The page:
The Republic of Guinea is a West African country bordered by Guinea-Bissau, Senegal, and Mali to the north, and Sierra Leone, Liberia, and Ivory Coast to the south. Home to the Gambia, the Niger, and the Sénégal rivers, Guinea is known for its lovely landscapes and captivating waterfalls. The country has a predominantly Muslim population of over 12.9 million, with the highest density in the south and west of the country. As many as 40 different languages are spoken throughout the country, although French is the most widely used.
Formerly part of both the Ghana Empire and the Mali Empire, Guinea achieved independence from French West Africa in 1958. What followed was a period of political instability as rival groups fought for political power. Guinea is rich in resources including gold, diamonds, and a large portion of the world’s bauxite. Agriculture is the nation’s primary source of employment and income, but this way of life is threatened by climate change, as annual rainfall totals decline and temperatures rise. About half of the population lives in poverty.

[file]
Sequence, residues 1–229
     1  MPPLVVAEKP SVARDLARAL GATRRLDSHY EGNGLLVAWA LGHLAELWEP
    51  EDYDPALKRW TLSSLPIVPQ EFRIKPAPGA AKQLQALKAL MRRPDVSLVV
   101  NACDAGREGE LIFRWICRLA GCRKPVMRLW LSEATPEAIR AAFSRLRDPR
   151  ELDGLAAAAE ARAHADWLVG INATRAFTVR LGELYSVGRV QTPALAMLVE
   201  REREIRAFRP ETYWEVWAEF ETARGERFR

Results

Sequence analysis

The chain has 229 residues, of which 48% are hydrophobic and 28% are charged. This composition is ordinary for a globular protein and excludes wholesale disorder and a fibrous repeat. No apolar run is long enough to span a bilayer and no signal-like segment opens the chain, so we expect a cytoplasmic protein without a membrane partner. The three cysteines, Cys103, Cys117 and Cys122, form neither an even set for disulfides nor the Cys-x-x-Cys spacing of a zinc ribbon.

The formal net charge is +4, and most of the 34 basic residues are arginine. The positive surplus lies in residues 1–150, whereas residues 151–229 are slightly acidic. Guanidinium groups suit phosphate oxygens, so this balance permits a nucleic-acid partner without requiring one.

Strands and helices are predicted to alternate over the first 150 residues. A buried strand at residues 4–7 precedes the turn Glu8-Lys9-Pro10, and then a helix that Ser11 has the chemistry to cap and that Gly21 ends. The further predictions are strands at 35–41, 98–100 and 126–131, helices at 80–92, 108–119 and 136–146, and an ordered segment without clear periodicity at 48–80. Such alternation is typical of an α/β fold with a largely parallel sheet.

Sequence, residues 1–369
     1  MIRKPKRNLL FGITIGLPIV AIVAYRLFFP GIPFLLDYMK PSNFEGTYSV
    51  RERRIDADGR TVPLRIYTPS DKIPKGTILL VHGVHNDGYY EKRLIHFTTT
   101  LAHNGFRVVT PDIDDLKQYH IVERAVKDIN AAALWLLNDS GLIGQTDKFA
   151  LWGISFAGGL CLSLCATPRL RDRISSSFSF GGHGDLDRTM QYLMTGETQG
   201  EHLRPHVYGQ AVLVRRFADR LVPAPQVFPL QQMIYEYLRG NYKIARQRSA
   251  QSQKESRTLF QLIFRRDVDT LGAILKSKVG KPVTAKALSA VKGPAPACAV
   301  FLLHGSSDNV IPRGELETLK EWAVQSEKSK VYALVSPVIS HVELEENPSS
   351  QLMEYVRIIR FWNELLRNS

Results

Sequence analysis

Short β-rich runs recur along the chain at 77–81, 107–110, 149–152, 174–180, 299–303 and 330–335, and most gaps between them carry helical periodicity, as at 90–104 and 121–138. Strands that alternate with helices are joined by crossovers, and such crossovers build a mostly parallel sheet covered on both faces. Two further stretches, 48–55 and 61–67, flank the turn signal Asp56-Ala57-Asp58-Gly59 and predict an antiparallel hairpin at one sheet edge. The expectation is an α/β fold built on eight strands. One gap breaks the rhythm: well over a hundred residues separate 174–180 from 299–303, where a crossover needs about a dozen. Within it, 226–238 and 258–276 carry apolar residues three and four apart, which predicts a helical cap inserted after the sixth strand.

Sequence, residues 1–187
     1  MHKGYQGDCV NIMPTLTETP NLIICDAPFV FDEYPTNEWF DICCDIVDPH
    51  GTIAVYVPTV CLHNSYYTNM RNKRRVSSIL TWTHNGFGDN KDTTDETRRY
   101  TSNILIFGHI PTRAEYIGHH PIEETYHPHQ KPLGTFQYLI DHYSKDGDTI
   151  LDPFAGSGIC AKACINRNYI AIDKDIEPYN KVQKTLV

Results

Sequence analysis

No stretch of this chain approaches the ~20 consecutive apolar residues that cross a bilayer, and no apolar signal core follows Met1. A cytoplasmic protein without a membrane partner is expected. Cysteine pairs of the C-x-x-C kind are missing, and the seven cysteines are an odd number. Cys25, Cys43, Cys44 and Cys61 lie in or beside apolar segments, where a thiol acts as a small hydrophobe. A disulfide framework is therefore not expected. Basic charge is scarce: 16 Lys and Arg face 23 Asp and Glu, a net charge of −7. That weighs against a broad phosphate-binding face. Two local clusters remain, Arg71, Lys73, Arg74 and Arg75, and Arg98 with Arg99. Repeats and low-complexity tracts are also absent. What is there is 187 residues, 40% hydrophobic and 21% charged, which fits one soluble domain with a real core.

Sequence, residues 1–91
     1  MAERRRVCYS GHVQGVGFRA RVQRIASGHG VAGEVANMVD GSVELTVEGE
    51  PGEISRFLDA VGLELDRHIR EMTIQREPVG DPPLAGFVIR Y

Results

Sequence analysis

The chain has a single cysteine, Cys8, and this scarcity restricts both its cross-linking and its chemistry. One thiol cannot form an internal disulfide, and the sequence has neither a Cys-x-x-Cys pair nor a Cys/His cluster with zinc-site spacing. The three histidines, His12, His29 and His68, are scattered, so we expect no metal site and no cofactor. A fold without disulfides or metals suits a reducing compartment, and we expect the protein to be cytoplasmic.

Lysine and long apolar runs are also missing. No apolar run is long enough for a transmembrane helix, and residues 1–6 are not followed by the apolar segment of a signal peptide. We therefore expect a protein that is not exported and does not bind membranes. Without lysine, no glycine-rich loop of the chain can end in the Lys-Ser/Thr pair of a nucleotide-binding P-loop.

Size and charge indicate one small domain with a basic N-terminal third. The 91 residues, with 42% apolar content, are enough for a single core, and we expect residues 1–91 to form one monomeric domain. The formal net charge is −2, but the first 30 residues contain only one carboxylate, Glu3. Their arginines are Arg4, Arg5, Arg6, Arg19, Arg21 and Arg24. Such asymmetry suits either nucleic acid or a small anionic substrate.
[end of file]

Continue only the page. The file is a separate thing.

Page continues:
Widespread poverty is reflected in the population’s overall health. In addition to poor healthcare infrastructure, the country was also the origin of the 2014 Ebola outbreak, which devastated Guinea and spread to neighboring nations. Leading causes of death include lower respiratory infections, malaria, neonatal disorders, diarrheal diseases, stroke, ischemic heart disease, tuberculosis, HIV/AIDS, meningitis, congenital defects, and measles. Death from measles has decreased substantially, but it still remains a significant health threat and a top cause of death.
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